Welcome to my blog about horsey life in the North East - the good bits, bad bits, endless coffees and plenty of mud!

Monday, 6 May 2013

The big bank holiday blog + lots of pics!

It's been a busy three days in horse land....

On Friday, osteopath Emily Bewsey came out and did a fantastic session with Cady, who was very well behaved - particularly on the lunge showing Emily her paces.

This really deserves a post of its own but I'm so happy to have excellent professionals like Emily to help. For a while now I've been very pleased with the team who help us - farrier, instructor, osteopath, dentist, livery yard, vet etc... They offer excellent, reliable services that actually make a real difference to the horses.

Gorgeous Cady having a drink in the Saturday sunshine - how lucky are we to have a horsey life?

Emily's assessment was that Cady is doing well, but needs to use her tummy muscles. She also re-jigged her balance pad so the saddle sat a bit better. Cady changes shape a lot so this was important. Cady uses her left shoulder a lot (we think possibly connected to a giant splint she picked up as a four-year-old) so some schooling should help her re-balance.

Then on Saturday it was time to try and bring Rodney in. He'd been AWOL for a week and showed no signs of warming up to the idea of being caught. My plan was to put all his friends in the next field, leave a nice big feed in the pen and gently walk him in.

He did go into the pen but then shot out like a champagne cork when we tried to shut the gate. After a few near misses we decided it wasn't working as he was just galloping about getting sweaty.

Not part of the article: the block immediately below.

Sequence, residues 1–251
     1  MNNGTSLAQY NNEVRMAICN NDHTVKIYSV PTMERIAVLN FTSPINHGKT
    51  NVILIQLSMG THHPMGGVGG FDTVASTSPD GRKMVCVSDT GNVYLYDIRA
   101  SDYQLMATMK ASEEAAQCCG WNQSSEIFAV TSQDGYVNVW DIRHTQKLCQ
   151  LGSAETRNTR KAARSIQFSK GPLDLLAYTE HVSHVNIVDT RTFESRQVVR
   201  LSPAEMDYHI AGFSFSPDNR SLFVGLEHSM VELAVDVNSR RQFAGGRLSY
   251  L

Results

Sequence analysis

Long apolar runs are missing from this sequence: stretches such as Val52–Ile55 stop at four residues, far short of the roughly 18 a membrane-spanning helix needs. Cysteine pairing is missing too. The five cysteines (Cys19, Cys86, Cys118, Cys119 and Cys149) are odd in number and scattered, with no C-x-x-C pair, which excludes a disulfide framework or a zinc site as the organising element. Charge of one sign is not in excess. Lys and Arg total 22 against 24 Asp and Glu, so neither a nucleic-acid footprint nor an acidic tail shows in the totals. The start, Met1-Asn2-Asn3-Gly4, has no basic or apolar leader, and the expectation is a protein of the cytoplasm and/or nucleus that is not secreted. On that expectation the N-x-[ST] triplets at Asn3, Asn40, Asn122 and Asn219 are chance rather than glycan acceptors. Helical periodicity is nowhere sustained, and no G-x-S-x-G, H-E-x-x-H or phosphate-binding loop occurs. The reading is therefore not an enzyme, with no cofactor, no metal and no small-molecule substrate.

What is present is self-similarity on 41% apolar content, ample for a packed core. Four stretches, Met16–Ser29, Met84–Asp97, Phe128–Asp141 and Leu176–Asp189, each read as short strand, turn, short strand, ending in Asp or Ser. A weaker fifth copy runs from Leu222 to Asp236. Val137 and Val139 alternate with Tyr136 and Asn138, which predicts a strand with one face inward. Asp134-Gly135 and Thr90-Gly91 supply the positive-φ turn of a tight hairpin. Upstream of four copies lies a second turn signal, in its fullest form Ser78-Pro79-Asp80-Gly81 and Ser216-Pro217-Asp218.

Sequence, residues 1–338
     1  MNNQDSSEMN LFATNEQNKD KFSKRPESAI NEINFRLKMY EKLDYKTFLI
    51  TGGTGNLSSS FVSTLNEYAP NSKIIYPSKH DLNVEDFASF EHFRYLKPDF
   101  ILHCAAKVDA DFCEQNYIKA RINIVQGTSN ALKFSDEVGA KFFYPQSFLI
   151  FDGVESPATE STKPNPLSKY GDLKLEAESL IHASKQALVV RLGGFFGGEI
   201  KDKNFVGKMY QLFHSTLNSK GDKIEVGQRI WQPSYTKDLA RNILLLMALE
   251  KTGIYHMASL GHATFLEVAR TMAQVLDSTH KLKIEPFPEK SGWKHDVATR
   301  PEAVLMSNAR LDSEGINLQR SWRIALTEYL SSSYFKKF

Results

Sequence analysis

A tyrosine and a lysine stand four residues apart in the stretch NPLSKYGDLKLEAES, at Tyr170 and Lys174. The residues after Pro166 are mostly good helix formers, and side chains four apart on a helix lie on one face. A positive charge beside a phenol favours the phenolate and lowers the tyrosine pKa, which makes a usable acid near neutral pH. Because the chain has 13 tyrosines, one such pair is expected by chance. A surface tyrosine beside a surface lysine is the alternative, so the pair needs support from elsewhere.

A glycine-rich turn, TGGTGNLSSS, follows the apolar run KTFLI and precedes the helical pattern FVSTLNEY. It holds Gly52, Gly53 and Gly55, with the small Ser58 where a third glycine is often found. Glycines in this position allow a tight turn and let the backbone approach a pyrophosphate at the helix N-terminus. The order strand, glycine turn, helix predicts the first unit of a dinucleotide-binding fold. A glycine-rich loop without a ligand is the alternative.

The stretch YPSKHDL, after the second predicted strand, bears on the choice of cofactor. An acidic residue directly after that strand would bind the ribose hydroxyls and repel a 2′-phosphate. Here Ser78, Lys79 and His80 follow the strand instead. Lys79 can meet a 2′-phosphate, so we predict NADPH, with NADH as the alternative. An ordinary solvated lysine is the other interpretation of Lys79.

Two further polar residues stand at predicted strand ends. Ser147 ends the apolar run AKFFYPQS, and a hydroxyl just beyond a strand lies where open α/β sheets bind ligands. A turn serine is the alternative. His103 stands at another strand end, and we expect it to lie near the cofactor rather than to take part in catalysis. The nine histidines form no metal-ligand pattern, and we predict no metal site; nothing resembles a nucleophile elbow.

In the afternoon a gang of the yard girls came up and kindly offered their services. We tried to usher him gently into the pen but he was having none of it and was so animated by this point we just let him run and get it all out of his system.

Eventually he drifted over to the pen but when one of the girls tried to shut the gate he jumped out over the fence, snapped the top wire and went for a trot around the farm.

Fortunately the farm has lots of gates so we were able to enclose him again by which point he'd had enoough - he'd given us a gallant and dramatic last stand and was ready to concede defeat and be caught.

I walked him off in the arena and then was finally able to give him a good scrub down on his face where he's losing his hair. It still needs to grow in but it looks an awful lot better now and he must be more comfortable.

He's now in a little starvation paddock and gets hay morning and evening. He has friends in the next field and it's the best we can do for now. The summer grazing is just too much temptation and I think he would have ended up with laminitis had he stayed there much longer.

Rodney's new home: still on high alert after his dramatic Rambo-esque attempts to avoid capture

Yesterday the calm returned. I took Rodney for a short walk just to stretch off his legs and give him a change of scenery. He seemed a bit disorientated and emotional and was shouting for his friends but I hope he'll settle soon.

Remembering that he also has a job to do! It felt great to be back on him

Then it was time for Cady to come out and play. We wanted to take her for a hack but it was blowing a gale and I didn't feel it would give us the best chance of building confidence! Instead we set up a little obstacle course of cones in the arena and played around them.

You can see from her tail how strong the wind was - we look like an Arctic expedition leaning into it.

It was really good fun and she was excellent, despite some seriously spooky moments - one when my coat leapt off the fence and landed at her feet. She shivered from top to toe but quickly got her mojo back. What a clever pickle!

We often warm up with a few minutes lungeing so Cady can let off any 'steam' ha ha!

I hope you all had a great bank holiday - happy horsing! x

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